City To Study Rockaway Neighborhoods
The Queens director of the Office of City Planning came to Community Board 14 on Tuesday night and his message was one of hope for a Far Rockaway community that wants to build larger houses and a message of despair for another community that sees its character being destroyed by the construction of homes that are “out of scale” with the rest of the neighborhood.
John Young, who heads the Queens office of the city agency, made a presentation to Community Board 14 at its monthly meeting at the Knights of Columbus Hall on Tuesday, presenting a new contextual zoning plan that would restrict the “megmansions” now being built in a number of Rockaway neighborhoods.
He blamed the 1961 zoning regulations that are still in force today as the major culprit.
Those communities are the Mott Creek area in Far Rockaway [West Lawrence and Seagirt Beach], Bayswater and portions of Rockaway Beach.
John McCambridge, however, questioned whether a zoning change for Broad Channel was not needed to keep large scale development on the new lots recently auctioned by the city on Broad Channel.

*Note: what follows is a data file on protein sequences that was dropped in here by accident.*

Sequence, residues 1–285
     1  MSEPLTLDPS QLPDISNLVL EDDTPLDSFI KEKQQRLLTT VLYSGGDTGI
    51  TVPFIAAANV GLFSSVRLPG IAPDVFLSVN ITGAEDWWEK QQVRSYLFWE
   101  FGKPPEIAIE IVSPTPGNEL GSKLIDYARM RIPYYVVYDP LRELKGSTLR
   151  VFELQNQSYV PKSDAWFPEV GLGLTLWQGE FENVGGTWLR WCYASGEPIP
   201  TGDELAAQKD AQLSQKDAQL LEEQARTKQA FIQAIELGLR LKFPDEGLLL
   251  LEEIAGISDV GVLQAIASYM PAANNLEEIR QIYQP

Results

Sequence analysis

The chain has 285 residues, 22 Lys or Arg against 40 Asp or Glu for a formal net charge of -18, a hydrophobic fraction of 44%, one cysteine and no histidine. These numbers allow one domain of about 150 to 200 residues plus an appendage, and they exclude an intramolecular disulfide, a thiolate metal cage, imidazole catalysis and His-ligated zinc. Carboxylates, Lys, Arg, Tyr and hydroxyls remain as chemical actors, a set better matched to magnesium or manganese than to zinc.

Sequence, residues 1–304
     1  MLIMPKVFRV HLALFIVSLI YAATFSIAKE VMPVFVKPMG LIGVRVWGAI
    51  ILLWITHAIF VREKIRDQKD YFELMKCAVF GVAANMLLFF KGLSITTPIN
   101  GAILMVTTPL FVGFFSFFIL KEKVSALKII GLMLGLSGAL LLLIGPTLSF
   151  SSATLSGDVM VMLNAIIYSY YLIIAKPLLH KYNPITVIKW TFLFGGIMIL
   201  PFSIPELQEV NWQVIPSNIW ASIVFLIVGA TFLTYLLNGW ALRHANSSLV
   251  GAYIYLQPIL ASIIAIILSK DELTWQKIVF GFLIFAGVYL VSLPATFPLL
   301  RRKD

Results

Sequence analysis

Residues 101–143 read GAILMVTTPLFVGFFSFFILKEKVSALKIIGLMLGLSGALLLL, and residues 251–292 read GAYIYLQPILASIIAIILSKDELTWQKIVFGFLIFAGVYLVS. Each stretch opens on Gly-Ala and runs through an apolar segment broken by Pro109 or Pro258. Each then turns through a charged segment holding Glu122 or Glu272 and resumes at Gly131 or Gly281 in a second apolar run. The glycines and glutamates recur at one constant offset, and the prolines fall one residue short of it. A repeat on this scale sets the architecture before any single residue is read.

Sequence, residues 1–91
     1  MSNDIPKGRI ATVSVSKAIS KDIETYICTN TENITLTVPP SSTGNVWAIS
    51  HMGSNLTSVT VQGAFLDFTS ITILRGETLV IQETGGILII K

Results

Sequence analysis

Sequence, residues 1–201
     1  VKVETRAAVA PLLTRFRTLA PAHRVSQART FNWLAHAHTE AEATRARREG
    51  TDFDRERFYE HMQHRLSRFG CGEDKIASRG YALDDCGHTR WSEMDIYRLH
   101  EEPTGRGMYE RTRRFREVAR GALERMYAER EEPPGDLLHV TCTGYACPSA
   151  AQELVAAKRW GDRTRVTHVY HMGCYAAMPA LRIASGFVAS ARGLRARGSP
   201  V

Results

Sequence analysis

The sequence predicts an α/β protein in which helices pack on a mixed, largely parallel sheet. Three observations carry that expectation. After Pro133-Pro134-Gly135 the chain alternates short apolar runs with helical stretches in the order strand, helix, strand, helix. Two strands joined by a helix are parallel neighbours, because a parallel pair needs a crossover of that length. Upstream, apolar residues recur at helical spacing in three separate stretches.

Young agreed to add that community to the other three for study.
According to Young, a new contextual zone, called Zone R2A has been developed for single home areas that are experiencing out of scale development.
“The present R2 zone allows potential for abuse,” he said. “We can end up with oversized homes that loom over the homes next door.”
The new zoning change would mandate lower homes with more room in both the front and rear yards.
The Mott Creek study has already been done and the paperwork is being completed for a zoning change for the area.
In Mott Creek, the Orthodox Jewish community, which traditionally has large families, asked a year ago for a change that would allow them to build larger homes on traditional lots. With the help of local politicians, that community will soon get the zoning change that it asked for.
In Bayswater, however, where the year-long study process is just beginning, it may already be too late.
“By the time your review is over, there could very well be 300 or 400 new over-sized homes in my community,” said Bayswater resident Eugene Falik as he held up pictures of new development in Bayswater. “We need a moratorium on building until the new rules can be put in place.”
Young, however, told the dozen Bayswater residents who were present that setting a moratorium would take as long as doing the study.
Young added that the new regulations would change only those projects that were in the planning stage.
“Once the foundation is in,” he said. “the game is played under the old rules.”